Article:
Your favorite aunt worked in a spacious office on the top floor of the biggest building in downtown Boston. She brought you to work one day when you were twelve. She thought you would enjoy playing Where in the World is Carmen San Diego on the extra computer in her office, but you were more impressed that there was an extra computer in the first place. You weren’t exactly sure what her job was, but you could tell that she was important. The status symbols of the business world stand out, speaking to something in our collective unconscious.

You had to become a part of this world.

Role models were hard to come by. Movies and television turned even the most promising female characters into supporting actresses that took a backseat to leading men as plots unfolded. Hillary Clinton, who inspired such hope early on, went silent on healthcare and stood by her man in true First Lady fashion while the world watched. Your aunt got married and traded it all for a minivan and a diaper bag.

You were determined to break the cycle. While your peers were wasting time and money reading female-targeted business books with ridiculous names like Mars and Venus in the Board Room, Play Like a Man, Win Like a Woman, and Nice Girls Get Coffee, Not the Corner Office, you were getting up early to watch SportsCenter repeat itself ad nauseum while you hit the elliptical machine before class.

Those girls were destined to climb just high enough on the corporate ladder to give up-skirt views to the guys who were being promoted. They were deluding themselves about how the business world really worked. You knew the score. You were determined to level the playing field and compete as an equal. You graduated business school near the top of your class and shot out of the gate ready to hit some home runs, or at least a few stand-up doubles. You might have watched too much SportsCenter.

You landed a job as a management consultant and became known for your ability to deliver results. You were on the road so often that hotel beds were more comfortable than your own. You were on a first name basis with concierges around the world, but didn’t know a single person in your apartment building well enough to ask him to pick up your mail.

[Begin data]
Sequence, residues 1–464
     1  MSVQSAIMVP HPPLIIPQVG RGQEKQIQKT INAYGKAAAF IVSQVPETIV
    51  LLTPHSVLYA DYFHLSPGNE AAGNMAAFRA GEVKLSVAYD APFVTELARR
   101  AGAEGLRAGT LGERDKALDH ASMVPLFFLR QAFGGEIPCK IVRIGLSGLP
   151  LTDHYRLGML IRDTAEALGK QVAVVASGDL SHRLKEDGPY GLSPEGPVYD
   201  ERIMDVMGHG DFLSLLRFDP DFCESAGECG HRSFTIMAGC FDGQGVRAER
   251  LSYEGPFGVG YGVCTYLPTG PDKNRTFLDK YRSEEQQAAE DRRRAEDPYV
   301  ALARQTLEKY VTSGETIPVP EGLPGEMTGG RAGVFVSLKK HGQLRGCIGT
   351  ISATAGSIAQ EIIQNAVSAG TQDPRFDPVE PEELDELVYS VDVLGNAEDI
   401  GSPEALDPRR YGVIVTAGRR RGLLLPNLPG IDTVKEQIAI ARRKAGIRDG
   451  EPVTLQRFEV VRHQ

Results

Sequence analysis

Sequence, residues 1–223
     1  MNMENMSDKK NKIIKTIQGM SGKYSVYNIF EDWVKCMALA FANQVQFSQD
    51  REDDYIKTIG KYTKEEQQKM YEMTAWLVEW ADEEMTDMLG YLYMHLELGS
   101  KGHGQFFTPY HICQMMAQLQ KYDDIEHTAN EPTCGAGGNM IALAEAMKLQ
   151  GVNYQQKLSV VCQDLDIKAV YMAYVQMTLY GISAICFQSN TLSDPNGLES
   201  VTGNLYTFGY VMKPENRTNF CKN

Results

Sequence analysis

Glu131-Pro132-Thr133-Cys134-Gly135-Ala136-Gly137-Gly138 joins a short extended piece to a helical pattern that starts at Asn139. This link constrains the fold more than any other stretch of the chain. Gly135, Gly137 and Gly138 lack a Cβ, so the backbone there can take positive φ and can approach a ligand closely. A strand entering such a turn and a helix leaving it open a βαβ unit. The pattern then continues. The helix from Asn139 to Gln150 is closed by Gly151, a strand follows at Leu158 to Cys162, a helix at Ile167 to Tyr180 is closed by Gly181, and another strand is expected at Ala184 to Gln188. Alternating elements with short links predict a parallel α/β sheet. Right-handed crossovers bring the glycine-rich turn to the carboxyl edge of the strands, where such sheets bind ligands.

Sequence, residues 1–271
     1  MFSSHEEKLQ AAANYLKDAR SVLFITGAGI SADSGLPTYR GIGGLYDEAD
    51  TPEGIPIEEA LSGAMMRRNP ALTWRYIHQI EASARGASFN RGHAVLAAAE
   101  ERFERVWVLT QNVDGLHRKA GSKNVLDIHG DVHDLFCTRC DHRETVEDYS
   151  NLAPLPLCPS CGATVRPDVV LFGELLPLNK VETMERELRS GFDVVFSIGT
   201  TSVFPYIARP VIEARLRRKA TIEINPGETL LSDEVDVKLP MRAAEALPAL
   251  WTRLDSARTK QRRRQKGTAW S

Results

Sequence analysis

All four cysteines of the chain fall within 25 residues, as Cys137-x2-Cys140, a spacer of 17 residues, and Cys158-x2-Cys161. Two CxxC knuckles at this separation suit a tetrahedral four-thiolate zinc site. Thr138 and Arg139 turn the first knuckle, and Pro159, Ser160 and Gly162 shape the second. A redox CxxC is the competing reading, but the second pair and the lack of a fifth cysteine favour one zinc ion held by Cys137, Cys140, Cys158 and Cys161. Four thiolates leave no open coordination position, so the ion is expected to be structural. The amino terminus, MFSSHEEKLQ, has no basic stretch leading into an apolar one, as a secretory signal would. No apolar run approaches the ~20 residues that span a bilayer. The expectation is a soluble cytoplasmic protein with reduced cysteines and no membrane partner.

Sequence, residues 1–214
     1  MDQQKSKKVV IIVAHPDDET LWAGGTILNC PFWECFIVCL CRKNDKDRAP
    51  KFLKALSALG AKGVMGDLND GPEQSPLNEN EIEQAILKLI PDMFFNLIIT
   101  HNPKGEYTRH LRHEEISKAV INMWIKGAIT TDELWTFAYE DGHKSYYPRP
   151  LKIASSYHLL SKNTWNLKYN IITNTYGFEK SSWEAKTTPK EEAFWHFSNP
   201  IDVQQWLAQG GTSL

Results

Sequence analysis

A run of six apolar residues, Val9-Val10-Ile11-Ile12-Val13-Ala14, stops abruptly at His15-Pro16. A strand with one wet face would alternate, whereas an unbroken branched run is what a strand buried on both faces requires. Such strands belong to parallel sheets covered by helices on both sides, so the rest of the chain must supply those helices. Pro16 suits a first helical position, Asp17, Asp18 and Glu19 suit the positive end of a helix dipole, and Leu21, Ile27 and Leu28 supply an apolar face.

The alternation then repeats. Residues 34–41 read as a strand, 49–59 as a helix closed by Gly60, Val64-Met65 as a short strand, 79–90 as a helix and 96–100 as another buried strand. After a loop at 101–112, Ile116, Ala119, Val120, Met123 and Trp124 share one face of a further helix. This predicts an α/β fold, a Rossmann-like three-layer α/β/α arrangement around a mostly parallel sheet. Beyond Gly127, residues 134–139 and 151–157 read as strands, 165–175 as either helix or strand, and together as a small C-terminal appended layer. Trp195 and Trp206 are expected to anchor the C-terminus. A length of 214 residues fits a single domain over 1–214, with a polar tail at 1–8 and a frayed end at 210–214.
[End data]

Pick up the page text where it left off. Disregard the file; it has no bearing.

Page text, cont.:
As you excelled at work you felt pressure to constantly prove yourself, even if only to yourself. You could get past the fact that every man you worked with thought you were two appletinis away from an out-of-area-code adventure. You could convince yourself that it didn’t matter that all the women assumed you fucked your way into every raise. What you couldn’t handle was being treated like a secretary.

When clients insisted on acting as if you were just sent up from the steno pool you could force yourself to keep a professional smile and finish the project. They were paying seven hundred dollars an hour to have you teach them how to turn a profit, but they still thought it was your job to fetch coffee. You stored up the frustrations and tried to work them all out in the hotel gym.

The first hotel chain that offers an on-call psychologist will make a fortune on business travelers. Charges will appear as “room service” on your bill.

Red-eye flights afforded you rare opportunities to let your guard down, quietly sobbing in the abandoned restrooms of ORD and DFW, cursing yourself for letting it get to you. Once they started boarding your plane, however, you were cleaned up, perfectly coiffed, and ready to march into the next client’s office, your stiletto heels punctuating your entrance.

Comfortable shoes are for girls who don’t get promoted and read “Does This Memo Make Me Look Fat?” to try to figure out why.